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From what I understood is the digital signature is a long process and have following steps:

  1. Hashing the Message Plain Text using a well-known (public) hashing algorithm.
  2. Encrypting it with sender's (A-PvtKey) Private Key.
  3. Appending the encrypted hash to the Message Plain Text and send/store/...
  4. Receivers can be one/many/any. None of the receivers' keys are used.
  5. Anyone wishing to verify the document just follows the reverse process. i.e.,
  6. Separate the encrypted hash from the message
  7. Decrypt with sender's public key (A-PubKey) (usually from a Digital Signature Certificate issued by a trustworthy / legally-acceptable CA).
  8. Generate the hash from the Message Plain Text independently and compare with the decrypted hash from #7 above.

Source: How does the digital signature process work?

The process of generation and verification of digital signature requires considerable amount of time. So, for frequent exchange of messages the speed of communication will reduce.

And noticed there are commercial digital signature providers : http://www.digitalsignatureforetender.com/

How they overcome the slow process of verifying digital signature? Or they are using different mechanism?

  • That website you linked looks super sketchy. Are they an intermediate CA? – Daisetsu Oct 13 '18 at 3:51
  • Well, no idea. I found them on google. Is there any other alternate company/technology? – Sayan Oct 13 '18 at 11:07
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The process of generation and verification of digital signature requires considerable amount of time.

I doubt this claim:

  • Currently used cryptographic hashes are designed to be fast.
  • Data can be feed into the hash in pieces: one does not need to keep all the data to be signed in memory but can feed the data into the hash piece by piece for example while doing other kind of processing with the data which are usually more expensive than the hashing (like streaming on a network, copying it, transforming it for transport...).
  • Hashing does not need much memory, i.e. it only needs a constant amount of memory no matter how much data you include the hash.
  • The final signature only involves (more expensive) cryptographic operations over the small hash no matter how much data need to be signed and is thus fast too.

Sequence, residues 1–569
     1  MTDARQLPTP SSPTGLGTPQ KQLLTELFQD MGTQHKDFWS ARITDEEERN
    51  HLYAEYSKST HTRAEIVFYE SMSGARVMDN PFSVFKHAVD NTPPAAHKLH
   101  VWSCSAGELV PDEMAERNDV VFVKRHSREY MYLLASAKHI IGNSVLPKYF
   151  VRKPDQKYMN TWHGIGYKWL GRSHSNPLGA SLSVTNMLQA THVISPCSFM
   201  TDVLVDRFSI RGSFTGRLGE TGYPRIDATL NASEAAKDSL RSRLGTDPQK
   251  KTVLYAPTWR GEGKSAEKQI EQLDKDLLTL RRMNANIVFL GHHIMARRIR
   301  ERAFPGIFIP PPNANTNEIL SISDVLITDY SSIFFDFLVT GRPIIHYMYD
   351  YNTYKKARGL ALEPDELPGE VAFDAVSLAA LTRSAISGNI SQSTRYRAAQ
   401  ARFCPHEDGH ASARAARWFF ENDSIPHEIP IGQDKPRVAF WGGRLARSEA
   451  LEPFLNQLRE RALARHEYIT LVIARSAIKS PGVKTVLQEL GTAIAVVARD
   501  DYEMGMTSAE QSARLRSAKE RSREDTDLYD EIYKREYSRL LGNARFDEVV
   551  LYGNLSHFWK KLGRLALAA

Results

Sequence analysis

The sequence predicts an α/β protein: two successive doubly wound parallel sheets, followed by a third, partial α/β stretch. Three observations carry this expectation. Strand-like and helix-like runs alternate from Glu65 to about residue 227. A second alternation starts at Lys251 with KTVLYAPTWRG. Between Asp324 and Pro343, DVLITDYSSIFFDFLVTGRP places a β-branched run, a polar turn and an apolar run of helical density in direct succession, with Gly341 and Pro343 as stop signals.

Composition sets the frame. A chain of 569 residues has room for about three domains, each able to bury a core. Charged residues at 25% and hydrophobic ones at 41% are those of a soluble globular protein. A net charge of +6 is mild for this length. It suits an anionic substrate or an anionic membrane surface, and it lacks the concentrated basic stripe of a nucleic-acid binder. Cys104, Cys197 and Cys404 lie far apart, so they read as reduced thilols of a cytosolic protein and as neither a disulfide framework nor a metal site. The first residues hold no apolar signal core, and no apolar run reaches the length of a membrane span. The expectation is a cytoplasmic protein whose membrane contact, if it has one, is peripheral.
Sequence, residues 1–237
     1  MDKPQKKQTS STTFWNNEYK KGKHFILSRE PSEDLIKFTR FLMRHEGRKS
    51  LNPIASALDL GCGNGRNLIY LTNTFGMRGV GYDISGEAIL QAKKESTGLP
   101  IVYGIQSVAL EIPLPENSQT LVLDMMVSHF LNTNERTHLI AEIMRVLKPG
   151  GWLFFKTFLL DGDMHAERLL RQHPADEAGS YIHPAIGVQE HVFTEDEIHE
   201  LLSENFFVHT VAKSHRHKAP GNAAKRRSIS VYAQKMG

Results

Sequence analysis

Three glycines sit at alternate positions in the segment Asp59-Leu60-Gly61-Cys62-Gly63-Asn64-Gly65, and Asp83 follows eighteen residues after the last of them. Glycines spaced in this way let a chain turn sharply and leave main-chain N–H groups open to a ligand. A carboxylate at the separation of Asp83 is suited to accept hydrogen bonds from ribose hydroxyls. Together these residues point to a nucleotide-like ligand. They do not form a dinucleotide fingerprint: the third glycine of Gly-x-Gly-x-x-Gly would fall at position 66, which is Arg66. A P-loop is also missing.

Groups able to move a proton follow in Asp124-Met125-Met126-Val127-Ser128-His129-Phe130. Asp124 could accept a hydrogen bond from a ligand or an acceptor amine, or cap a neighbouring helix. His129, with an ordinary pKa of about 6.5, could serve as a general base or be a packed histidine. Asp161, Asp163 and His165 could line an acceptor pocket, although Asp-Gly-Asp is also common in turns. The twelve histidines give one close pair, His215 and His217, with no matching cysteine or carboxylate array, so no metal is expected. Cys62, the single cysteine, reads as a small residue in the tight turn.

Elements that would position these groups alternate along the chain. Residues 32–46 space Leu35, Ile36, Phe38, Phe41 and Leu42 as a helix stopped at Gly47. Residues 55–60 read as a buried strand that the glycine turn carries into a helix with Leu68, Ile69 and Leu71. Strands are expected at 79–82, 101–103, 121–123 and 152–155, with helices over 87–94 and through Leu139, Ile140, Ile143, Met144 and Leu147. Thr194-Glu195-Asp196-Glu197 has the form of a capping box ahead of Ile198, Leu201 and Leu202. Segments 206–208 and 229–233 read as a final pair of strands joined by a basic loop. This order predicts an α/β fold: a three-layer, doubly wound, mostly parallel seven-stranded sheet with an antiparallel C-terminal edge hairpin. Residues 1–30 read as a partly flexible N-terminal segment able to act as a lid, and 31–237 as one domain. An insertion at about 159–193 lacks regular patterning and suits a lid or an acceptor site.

So, for frequent exchange of messages the speed of communication will reduce.

The only kind of expensive step is creating the final signature using the private key, the hashing itself is cheap. Still lots of signatures can be created in a short time with common hardware and if this is needed the other processing during communication (i.e. transport over network) is probably more significant for performance than the signing process. For example each full TLS handshake (i.e. HTTPS) is creating and validating digital signatures and still the performance of the connection is bound primarily by the latency of the network and also the key exchange, but not by creating or validating digital signatures.

It can be expensive though if lots of small data need to be signed - in this case aggregating the data and signing together might be done depending on the use case.

And it can be slow if slow hardware is used, like for example smartcards protecting the private key. In this case the hashing is usually done outside this hardware and the slow hardware is only used for the ultimate signing of the small hash. When using a smartcard for signing a high performance is usually not required. The user has to put the smartcard first into the smartcard reader anyway and maybe unlock it with a PIN so the additional slowness of the smartcard is not that relevant compared to the slowness of this whole process.

And noticed there are commercial digital signature providers ... How they overcome the slow process of verifying digital signature?

The site you reference does not do any digital signing at all. They do offer certificates which can be used for digital signing though - nothing special and not different to what others offer. The signing is still done by the user itself by using the (secret) private key owned by the user.

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Typically asymmetric (public-private) cryptography is used to securely exchange a symmetric key in the case where large amounts of data are being transferred due to the relative speed of the symmetric cipher.

  • 1
    The OP asked about digital signing. This answer is about encryption - which is a different thing. – Steffen Ullrich Oct 13 '18 at 5:08
  • Well, seems I can't delete my own answer. Odd – Daisetsu Oct 13 '18 at 12:02

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